Instructors tend to spend the most time on this, as it requires the most student research. In this unit, students should learn to evaluate and use evidence effectively, structure an argument, and understand shared assumptions.
Argument Topics: Often, students choose broad topics, such as "death penalty" or "abortion"--topics which can't be adequately addressed in a short paper. One way to avoid this is to have students choose from a list. Here's a list of more than sixty tried-and-true topics, broken into the following categories: education, free speech, crime and punishment, war and history, local, role of the government, and discrimination and civil rights.
Argument Paper Assignment: It can be useful to give students a concise sheet delineating the guidelines for the paper. Many iterations are acceptable; here are a few samples from past GTAs: sample one; sample two; sample three; sample four.
Process Memo: On the day students turn in their first draft, some GTAs have them write "Process Memos"--basically a note letting you know what they think is working in the paper. You can simply have students answer the following on a separate sheet of paper: 1. What's working well in your essay? 2. What's not working as well? 3. What are your questions for me? This can serve as a starting point for conferences. Alternatively, some GTAs create more extensive Process Memos. Here's an example.
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Lessons and Lectures
Structuring an Argument: Coming into Writing 121, many students will have no idea how to organize an argument paper. Though it's good to give them some flexibility, general guidelines always help. You might want to start with a general explanation of how an argument is built. Draw this on the board and have students suggest examples of a claim, main reasons, supporting facts, and counterarguments. After that, you may want to give students a more detailed handout about structuring an argument. Here's one that uses a classical Greek rhetorical outline. Here's a more basic handout.
Going Greek: Many GTAs introduce the concept of Ethos, Pathos, and Logos early on to create common ground in understanding argument. Others introduce it earlier, in the analysis section. Here are some brief lecture notes for Ethos, Pathos, and Logos. You may find it useful to go a little deeper into Aristotelian Argument as well.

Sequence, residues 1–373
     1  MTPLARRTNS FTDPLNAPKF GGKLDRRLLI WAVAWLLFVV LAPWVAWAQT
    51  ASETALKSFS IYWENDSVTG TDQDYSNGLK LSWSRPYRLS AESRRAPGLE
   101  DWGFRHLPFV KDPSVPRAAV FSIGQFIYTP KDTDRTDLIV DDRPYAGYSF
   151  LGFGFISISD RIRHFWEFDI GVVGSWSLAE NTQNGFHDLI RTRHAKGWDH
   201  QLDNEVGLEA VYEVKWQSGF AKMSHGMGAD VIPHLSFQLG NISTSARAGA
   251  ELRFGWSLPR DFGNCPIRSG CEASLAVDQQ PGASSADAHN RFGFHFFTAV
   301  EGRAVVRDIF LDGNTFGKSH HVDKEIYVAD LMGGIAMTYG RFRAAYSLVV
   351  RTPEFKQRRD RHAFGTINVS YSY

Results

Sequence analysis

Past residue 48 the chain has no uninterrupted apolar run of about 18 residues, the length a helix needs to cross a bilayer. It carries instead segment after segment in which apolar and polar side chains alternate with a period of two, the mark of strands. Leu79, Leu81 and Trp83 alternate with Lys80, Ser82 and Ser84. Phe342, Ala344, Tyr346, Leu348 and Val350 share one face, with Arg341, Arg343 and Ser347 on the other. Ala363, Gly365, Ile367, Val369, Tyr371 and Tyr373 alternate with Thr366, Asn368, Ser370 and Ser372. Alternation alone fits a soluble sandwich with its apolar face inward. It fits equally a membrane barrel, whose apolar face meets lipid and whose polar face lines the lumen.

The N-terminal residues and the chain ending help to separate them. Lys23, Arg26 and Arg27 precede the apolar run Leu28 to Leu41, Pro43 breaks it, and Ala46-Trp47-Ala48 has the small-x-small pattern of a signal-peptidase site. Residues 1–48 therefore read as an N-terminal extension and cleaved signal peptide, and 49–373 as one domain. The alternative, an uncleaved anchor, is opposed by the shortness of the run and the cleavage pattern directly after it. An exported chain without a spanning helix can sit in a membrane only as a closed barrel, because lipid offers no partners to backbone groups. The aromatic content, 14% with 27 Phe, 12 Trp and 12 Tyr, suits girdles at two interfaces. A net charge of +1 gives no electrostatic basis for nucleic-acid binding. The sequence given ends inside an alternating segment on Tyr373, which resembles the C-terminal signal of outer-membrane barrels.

Assessing the Reliability of Sources: Many students regard research as a "treasure hunt;" that is, they look for any information that supports what they want to say. One challenge of teaching argument is helping them understand that some may be more reliable than others. Here are some questions to ask when assessing the validity of primary and secondary sources. After going over this with students, you may want to have them rank a few sources themselves. Inevitably, everyone disagrees, which can lead to an interesting discussion about what makes a source "reliable."
Basics of Arguing a Position: Some brief, but useful lecture notes. Overarching and conceptual.
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Activities and Handouts
Shared Assumptions: Sometimes, it's a surprise to students that others don't share their assumptions about gender, race, politics, etc. This introductory dialogue humorously illustrates this idea. It works well when followed up with a group activity that introduces students to the idea of shared assumptions--what can they assume in a paper versus what needs to be proven. Each student should each have his or her own handout, but the whole group must agree before going on to the next question, which ideally both frustrates and enlightens students (and ourselves).
Entering the Conversation: Sometimes it can be difficult for students to realize that in writing an academic argument, they're participating in a larger, ongoing conversation. This "Entering the Conversation" worksheet is designed to help accustom students to the idea that they're about to be part of a community of discourse.
People v. Caufield Debate Activity: Adapted from an old Constitutional Rights Foundation Mock Trial case, the Caufield debate activity gives students two "witnesses" and a "fact situation" and asks them to argue for different interpretations. This can be used as the basis for a writing activity, a group activity, or an in-class debate. Students tend to latch onto it pretty quickly. Here's an instructor cheat sheet, which is helpful when you need to jump-start discussion. Also, to simplify things, you can just cut the questions at the end and have students debate Caufield's guilt or innocence.